I simply cannot believe this is quite so hard to determine.

Even having read the RFCs, it's not clear to me if a server at subdomain.example.com can set a cookie that can be read by example.com.

subdomain.example.com can set a cookie whose Domain attribute is .example.com. RFC 2965 seems to explicitly state that such a cookie will not be sent to example.com, but then equally says that if you set Domain=example.com, a dot is prepended, as if you said .example.com. Taken together, this seems to say that if example.com returns sets a cookie with Domain=example.com, it doesn't get that cookie back! That can't be right.

Can anyone clarify what the rules really are?



If you make sure to specify that the domain is .example.com, then *.example.com and example.com can access it.

It's that principal that allows websites that issue cookies when somebody goes to www.website.com to access cookies when someone leaves off the www, going to website.com.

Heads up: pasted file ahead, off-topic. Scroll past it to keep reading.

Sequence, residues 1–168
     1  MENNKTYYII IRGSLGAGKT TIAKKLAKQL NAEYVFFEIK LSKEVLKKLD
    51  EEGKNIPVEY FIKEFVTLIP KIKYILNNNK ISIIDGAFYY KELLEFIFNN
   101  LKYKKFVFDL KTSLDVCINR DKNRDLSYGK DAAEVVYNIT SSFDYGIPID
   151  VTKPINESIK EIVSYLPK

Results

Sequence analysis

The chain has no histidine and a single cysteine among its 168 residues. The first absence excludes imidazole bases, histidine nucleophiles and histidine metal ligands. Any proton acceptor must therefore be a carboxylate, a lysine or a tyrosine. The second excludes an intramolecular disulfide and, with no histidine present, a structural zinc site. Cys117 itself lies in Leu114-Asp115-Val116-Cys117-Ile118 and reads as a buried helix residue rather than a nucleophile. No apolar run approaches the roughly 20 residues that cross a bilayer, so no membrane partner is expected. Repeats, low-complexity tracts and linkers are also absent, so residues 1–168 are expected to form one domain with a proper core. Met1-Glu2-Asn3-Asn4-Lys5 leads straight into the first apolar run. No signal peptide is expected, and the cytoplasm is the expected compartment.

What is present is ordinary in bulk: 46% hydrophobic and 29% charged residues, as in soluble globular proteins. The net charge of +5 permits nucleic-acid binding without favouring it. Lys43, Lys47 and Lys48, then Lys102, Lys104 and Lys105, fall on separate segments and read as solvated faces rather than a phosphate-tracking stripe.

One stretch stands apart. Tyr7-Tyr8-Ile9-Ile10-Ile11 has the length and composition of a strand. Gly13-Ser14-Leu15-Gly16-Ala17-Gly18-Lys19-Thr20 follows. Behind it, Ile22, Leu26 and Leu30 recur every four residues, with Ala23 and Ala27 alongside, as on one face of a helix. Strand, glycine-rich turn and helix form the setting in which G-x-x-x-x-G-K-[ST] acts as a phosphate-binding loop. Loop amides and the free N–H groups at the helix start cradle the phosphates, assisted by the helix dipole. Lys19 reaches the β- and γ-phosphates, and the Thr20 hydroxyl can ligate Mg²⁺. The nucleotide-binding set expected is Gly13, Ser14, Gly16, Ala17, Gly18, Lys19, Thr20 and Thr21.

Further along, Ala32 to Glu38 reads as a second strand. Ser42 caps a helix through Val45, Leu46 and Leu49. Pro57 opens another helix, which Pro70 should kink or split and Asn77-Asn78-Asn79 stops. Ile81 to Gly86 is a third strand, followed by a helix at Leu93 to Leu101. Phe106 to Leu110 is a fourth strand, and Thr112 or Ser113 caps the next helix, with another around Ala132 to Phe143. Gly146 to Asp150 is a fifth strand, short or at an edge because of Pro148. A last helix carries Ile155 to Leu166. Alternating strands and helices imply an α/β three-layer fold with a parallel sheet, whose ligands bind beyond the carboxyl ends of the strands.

EDIT: From the PHP documentation about cookies:

domain The domain that the cookie is available. To make the cookie available on all subdomains of example.com then you'd set it to '.example.com'. The . is not required but makes it compatible with more browsers. Setting it to www.example.com will make the cookie only available in the www subdomain. Refer to tail matching in the » spec for details. http://php.net/manual/en/function.setcookie.php

And it's not unique to PHP.

  • -1 That's called a 301 redirect and doesn't properly reflect what the question is asking. – Evan Plaice Jun 22 '10 at 0:11
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    Evan, if you go to worldbreathday.org, and then go to worldbreathday.org, you'll note there is no redirection; and yet those two websites can still share cookies with each other. It's a well know phenomenon, look it up :) – Aaron Yodaiken Jun 22 '10 at 0:24
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    +1 to counter -1 from clueless Evan – Eloff May 21 '14 at 14:23

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